We explore all the amazing features which have recently landed in CSS — enabling super-charged user experiences with no JavaScript. Don’t forgot to check out all the epic links & demos in the show notes — and hold on to your butts, kids, this one is a ride!


🌆 The best (US) city for techies in 2024

George Saines from Overthinking Money asked and answered the above question (excluding the Bay Area) based on compensation, large number of tech company headquarters, market cap of local tech companies, recent VC funding, weather, state politics, climate change risks & access to outdoor recreation.

Total Tech Job Postings in 7 Major US Cities

The two final contenders: Austin, TX vs Seattle WA. Which do you think will take the crown?

🕵️‍♀️ Finding a new job as a software engineer in 2023

Shaun from Codakuma recently accepted a new job and took the time to write up his experiences and advice to candidates and employers:

It feels like in recent years the number of interviews companies insist on has slowly crept up, so now you’re likely to have about five with a company before getting to offer stage. My record this time around for number of interviews with one company was nine. Sure, they weren’t all explicitly labelled as interviews, many of them were ‘chats’ or ‘catch ups’, but I would argue that they’re still a form of being interviewed.

His advice to candidates based on this experience:

Filter out unsuitable companies early to avoid doing too many interviews. If a company wants you in the office 4 days a week and that’s not what you want, don’t keep them around as a backup option, just end things. I made this mistake repeatedly and wish I hadn’t. You’re better off focusing on 2-4 companies that are a good fit and spending your energy on those.

📦 Dependencies belong in version control

Forrest Smith articulates why he believe all dependencies, including compiler toolchains, belong in version control.

The process of building any project should be trivial. Clone repo, invoke build command, and that’s it. It shouldn’t require a complex configure script, downloading Strawberry Perl, installing Conda, or any of that bullshit.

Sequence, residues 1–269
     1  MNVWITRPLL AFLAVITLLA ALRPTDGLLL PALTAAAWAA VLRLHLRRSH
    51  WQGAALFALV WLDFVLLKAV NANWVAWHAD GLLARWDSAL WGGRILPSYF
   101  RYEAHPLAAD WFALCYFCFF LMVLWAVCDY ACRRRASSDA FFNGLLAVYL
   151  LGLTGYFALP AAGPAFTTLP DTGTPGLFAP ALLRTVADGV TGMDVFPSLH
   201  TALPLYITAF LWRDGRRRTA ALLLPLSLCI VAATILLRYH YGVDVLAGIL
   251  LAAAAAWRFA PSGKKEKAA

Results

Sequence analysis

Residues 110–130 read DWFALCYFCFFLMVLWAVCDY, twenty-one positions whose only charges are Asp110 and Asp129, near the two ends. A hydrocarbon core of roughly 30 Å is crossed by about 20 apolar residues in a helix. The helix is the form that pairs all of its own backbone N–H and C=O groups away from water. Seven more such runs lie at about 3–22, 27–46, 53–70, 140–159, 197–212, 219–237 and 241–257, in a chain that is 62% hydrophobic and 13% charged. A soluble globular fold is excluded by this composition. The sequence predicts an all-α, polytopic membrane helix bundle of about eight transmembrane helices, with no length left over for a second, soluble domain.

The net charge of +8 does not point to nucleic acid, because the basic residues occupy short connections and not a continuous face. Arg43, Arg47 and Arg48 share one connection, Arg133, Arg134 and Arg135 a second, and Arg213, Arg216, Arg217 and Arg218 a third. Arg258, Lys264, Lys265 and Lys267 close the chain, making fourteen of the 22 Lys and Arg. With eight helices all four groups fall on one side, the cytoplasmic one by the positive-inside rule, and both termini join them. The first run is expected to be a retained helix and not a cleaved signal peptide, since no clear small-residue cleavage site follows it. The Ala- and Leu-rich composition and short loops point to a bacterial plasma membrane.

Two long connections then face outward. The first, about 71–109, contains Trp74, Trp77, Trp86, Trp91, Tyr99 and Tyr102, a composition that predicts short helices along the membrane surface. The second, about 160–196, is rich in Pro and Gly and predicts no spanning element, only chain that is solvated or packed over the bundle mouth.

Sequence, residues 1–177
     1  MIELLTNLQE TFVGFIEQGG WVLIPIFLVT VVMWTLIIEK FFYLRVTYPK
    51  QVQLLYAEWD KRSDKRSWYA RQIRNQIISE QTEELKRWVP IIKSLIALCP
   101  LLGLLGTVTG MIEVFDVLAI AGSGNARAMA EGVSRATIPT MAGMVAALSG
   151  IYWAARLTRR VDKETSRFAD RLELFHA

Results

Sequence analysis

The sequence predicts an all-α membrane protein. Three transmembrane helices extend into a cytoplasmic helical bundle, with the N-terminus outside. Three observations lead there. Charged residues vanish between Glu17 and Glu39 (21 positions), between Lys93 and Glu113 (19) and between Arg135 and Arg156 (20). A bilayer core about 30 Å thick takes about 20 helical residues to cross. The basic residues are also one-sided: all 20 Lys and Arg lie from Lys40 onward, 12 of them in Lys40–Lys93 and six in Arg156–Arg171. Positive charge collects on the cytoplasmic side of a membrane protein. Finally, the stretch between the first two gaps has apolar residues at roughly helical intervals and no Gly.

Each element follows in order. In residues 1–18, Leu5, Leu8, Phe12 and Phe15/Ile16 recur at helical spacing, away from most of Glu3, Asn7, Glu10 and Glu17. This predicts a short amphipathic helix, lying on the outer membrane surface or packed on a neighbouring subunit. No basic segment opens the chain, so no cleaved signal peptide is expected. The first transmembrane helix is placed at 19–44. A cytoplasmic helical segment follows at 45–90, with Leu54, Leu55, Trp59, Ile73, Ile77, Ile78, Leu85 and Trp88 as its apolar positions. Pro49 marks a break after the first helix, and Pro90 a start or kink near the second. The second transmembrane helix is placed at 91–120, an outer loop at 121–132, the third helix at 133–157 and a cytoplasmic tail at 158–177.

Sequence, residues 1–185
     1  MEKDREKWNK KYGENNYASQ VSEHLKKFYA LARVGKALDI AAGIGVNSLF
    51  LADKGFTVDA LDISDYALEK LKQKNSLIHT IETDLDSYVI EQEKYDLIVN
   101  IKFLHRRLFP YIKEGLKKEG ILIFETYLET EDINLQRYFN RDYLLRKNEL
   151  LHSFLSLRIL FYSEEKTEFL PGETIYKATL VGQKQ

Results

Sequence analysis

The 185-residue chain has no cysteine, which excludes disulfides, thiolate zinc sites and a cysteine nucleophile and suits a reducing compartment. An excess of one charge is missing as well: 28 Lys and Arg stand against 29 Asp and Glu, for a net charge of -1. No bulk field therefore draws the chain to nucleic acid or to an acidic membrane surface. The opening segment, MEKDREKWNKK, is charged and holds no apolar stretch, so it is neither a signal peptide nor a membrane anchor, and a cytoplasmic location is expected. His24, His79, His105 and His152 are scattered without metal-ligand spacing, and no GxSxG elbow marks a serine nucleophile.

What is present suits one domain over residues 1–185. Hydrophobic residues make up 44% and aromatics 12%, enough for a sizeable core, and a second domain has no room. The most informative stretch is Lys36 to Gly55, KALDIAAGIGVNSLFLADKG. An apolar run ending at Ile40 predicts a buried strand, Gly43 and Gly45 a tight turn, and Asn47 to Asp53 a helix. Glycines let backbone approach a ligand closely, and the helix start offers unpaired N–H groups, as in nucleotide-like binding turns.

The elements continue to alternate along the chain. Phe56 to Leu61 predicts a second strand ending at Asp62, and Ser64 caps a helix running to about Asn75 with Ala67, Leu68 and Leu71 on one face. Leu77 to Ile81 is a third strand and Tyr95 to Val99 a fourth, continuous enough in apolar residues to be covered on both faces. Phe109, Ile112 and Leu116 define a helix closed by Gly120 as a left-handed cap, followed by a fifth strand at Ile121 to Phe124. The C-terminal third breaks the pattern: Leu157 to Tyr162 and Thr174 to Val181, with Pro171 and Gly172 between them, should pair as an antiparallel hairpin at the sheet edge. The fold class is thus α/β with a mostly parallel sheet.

In fact I’ll go one step further. A user should be able to perform a clean OS install, download a zip of master, disconnect from the internet, and build. The build process shouldn’t require installing any extra tools or content. If it’s something the build needs then it belongs in version control.

Now, if you are having visions of Git choking on large files, Forrest understands. But he still stands by it…


🎥 Clip of the week

When we had Jean Yang on the pod, one of the topics of conversation is what she calls the “99% Developers.” Jean has done a lot of research on this topic. Here are some of her findings 👇

Jean Yang clip: You Are Not Google


🔗 More interesting bits before I let you go…


That’s the news for now, but we have some great pods coming up this week!

  • The Changelog: Our anthology episode from KubeCon: Dagger, Talos & SuperOrbital!
  • Practical AI: Daniel & Chris summarize & sound-off on last week’s OpenAI fiasco
  • Changelog & Friends: Gergely Orosz’s annual check-in on the state of the tech industry

Have a great week, tell your friends about Changelog News if you dig it, and I’ll talk to you again real soon. 💚

–Jerod